Finn and Roediger (2011) found that when negative emotional pictures were presented immediately after success on a retrieval test, later test performance was enhanced. But there was no enhancement for those who were shown neutral pictures or a blank screen. It would therefore appear that the period immediately following retrieval plays an important role in determining later retention. In addition, a later study found that even when the answer given was wrong, the presentation of the picture still enhanced memory consolidation after feedback was given (Finn et al., 2012). Even when the original answer is wrong elaborate processing still takes place following feedback and the presentation of the emotional image. Later recall of the correct answer is enhanced (supporting the test effect) as long as the retrieval attempt is effortful enough to trigger necessary reconsolidation, the picture then activates the emotional regions of the brain which enhance the testing effect and aid later recall. Roediger has also suggested that the emotion-eliciting picture need not be presented externally and that simply bringing to mind an emotional image should impact memory enhancement in the same way.

How realistically these techniques can be applied to other settings is debatable and, like all early research, there is always a degree of speculation involved. Nevertheless, the study does add to the growing evidence suggesting that emotion can enhance cognition and therefore has an important role to play in teaching and learning.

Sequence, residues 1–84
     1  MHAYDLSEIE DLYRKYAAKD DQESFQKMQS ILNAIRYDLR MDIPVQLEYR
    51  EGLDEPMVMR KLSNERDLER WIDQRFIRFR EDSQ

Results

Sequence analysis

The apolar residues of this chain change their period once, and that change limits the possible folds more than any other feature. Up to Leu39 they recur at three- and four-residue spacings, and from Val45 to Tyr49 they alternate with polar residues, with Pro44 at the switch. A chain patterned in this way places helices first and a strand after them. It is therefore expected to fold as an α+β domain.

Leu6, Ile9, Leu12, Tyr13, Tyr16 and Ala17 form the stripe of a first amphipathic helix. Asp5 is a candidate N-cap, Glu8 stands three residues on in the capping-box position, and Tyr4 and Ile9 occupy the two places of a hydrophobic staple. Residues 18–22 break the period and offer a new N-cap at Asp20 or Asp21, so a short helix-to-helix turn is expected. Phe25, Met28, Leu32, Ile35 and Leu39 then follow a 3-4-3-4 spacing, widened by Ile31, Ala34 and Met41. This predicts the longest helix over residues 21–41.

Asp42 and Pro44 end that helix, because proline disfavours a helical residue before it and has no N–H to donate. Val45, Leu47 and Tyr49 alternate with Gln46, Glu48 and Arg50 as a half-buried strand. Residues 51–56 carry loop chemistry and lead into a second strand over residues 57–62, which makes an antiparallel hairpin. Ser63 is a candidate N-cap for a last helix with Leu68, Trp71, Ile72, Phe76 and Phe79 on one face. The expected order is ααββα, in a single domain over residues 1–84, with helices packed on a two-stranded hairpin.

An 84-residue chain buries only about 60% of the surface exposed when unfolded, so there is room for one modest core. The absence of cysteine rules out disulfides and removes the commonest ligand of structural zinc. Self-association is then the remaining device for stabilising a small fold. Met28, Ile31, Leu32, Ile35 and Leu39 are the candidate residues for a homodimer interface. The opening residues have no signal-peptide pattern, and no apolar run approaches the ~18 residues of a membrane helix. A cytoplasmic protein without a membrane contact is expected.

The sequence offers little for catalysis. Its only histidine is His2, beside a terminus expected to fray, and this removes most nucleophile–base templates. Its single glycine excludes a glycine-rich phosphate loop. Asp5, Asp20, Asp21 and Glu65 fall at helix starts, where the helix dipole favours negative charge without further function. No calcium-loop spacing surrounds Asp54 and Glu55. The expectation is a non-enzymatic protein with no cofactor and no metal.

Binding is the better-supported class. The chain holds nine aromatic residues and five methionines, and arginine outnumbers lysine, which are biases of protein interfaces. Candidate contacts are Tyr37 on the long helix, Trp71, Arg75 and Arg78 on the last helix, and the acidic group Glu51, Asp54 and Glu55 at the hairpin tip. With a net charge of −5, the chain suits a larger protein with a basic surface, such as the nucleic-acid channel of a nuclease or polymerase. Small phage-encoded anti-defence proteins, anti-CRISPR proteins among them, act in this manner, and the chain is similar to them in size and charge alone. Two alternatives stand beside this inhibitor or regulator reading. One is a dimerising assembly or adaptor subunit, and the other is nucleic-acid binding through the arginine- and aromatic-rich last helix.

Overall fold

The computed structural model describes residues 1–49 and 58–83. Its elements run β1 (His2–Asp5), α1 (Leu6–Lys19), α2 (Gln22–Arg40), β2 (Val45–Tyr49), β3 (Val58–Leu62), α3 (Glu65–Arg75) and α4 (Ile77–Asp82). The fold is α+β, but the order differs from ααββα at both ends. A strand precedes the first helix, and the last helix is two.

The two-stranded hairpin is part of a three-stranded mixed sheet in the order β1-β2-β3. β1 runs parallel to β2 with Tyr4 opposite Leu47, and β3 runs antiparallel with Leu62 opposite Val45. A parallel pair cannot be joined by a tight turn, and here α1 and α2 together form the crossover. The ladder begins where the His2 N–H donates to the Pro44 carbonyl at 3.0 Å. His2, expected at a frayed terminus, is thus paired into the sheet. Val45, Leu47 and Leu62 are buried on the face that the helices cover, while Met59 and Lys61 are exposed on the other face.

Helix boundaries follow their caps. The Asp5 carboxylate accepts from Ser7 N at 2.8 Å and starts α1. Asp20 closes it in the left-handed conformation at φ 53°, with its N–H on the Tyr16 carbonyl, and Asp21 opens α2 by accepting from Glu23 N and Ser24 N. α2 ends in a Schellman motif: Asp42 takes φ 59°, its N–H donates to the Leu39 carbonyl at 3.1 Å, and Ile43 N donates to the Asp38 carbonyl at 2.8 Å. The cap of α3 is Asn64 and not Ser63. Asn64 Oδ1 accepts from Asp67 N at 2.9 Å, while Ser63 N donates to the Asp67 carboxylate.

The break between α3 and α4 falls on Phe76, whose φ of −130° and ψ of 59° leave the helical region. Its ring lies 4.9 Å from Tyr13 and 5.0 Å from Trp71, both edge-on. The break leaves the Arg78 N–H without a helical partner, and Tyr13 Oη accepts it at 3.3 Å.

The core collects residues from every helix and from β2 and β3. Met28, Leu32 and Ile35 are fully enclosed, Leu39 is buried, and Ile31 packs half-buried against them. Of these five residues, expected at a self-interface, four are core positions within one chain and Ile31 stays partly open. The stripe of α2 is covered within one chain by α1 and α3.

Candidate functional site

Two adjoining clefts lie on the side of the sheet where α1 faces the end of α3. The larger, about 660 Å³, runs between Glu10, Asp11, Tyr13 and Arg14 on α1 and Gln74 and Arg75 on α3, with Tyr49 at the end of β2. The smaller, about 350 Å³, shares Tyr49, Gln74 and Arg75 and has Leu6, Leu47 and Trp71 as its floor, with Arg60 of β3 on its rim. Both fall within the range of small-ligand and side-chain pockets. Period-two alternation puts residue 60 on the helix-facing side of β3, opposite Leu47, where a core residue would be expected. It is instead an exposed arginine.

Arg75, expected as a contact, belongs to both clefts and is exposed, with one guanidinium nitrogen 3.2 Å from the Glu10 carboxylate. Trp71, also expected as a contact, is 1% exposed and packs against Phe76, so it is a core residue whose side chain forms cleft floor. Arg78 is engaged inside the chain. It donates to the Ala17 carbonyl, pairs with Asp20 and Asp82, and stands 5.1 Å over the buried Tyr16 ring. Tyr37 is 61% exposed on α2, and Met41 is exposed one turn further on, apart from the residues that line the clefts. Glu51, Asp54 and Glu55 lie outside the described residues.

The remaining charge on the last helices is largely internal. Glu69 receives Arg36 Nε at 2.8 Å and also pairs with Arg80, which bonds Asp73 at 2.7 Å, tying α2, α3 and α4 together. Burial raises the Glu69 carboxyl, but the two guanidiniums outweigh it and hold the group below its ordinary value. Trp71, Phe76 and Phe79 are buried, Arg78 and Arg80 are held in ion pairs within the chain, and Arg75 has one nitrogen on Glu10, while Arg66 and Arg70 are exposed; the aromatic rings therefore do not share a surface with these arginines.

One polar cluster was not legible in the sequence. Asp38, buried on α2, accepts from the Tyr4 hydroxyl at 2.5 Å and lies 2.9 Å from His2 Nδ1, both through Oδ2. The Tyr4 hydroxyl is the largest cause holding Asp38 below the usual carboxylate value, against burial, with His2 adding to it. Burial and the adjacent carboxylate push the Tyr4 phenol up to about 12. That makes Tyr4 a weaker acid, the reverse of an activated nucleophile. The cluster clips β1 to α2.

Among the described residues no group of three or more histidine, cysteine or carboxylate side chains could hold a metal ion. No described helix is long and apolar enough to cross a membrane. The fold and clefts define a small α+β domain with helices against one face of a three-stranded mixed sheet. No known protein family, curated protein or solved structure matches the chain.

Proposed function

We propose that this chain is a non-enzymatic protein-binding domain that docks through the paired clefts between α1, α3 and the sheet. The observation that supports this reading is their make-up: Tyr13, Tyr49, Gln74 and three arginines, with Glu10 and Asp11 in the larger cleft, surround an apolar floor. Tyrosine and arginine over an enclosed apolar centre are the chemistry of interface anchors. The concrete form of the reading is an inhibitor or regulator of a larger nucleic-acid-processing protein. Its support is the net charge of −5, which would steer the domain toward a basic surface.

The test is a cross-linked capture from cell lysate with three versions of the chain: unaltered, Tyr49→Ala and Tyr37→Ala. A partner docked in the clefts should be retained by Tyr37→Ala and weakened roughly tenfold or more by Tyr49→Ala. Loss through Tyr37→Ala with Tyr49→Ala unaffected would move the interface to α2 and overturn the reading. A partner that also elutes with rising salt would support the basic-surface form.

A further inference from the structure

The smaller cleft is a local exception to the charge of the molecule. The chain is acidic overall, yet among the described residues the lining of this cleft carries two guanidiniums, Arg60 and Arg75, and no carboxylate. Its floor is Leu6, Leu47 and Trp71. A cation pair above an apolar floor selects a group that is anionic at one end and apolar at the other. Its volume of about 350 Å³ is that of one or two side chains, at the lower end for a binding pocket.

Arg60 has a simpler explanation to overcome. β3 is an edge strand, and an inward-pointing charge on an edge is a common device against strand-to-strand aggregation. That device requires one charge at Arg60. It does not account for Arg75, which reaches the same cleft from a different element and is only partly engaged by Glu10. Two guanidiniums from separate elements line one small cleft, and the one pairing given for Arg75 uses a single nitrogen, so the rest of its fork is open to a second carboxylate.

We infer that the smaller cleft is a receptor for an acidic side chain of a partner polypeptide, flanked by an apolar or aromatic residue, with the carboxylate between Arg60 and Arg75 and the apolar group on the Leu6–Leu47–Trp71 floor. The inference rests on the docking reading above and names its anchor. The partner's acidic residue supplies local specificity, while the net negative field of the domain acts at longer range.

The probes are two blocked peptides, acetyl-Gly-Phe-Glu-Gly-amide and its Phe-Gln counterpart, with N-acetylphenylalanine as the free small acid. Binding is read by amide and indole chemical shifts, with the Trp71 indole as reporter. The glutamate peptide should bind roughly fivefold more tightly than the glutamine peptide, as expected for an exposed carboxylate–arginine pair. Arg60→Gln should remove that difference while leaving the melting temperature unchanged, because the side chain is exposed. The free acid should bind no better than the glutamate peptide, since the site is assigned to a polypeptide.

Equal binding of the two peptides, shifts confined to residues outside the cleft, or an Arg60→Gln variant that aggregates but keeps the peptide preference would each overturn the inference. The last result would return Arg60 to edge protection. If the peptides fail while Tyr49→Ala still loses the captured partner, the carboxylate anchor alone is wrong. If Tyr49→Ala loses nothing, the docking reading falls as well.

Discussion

References:

Finn, B., Roediger, H. & Rosenzweig, E. (2012). Reconsolidation from negative emotional pictures: Is successful retrieval required? Memory & Cognition. 40 (7). p.pp. 1031–1045.

Finn, B. & Roediger, H.L. (2011). Enhancing Retention Through Reconsolidation. Psychological Science. 22 (6). p.pp. 781–786.

Marsh, E.J., Roediger, H.L., Bjork, R.A. & Bjork, E.L. (2007). The memorial consequences of multiple-choice testing. Psychonomic Bulletin & Review. 14 (2). p.pp. 194–199.

Roediger, H.R. & Karpicke, J.D. (2006). The Power of Testing Memory: Basic Research and Implications for Educational Practice. Perspectives on Psychological Science. 1 (3). p.pp. 181–210.

    

The Up Side Of Being Down

Let’s be honest, sometimes there is nothing worse than having to be around happy people, especially if those people insist on telling us to ‘cheer up’ or (god forbid) to ‘turn that frown upside-down’ (and please don’t tell me how many muscles it takes to frown).

Despite some suggestions that happy children learn more effectively, the evidence remains pretty weak. Emotions are more complex and we can rarely apply such simple rules. Emotions ebb and flow and teenagers are especially prone to seemingly irrational emotional explosions and deep dark troughs of despair. While depression is often debilitating and should be identified early and treated appropriately, bouts of ‘low mood’ are rarely damaging and often fleeting.

I therefore dedicate this short post to those out there who revel in their occasional bouts of miserableness and offer some interesting trivia about this highly misunderstood emotion.

[Disclaimer: Some of the studies quoted aren’t that convincing but, then again, neither are the majority of those espousing the cognitive benefits of happiness]

1. Happy People Are Lazy Thinkers.

Happy people tend to rely on superficial strategies in order to collect information from the outside world and are more likely to employ stereotypes than their unhappy counterparts.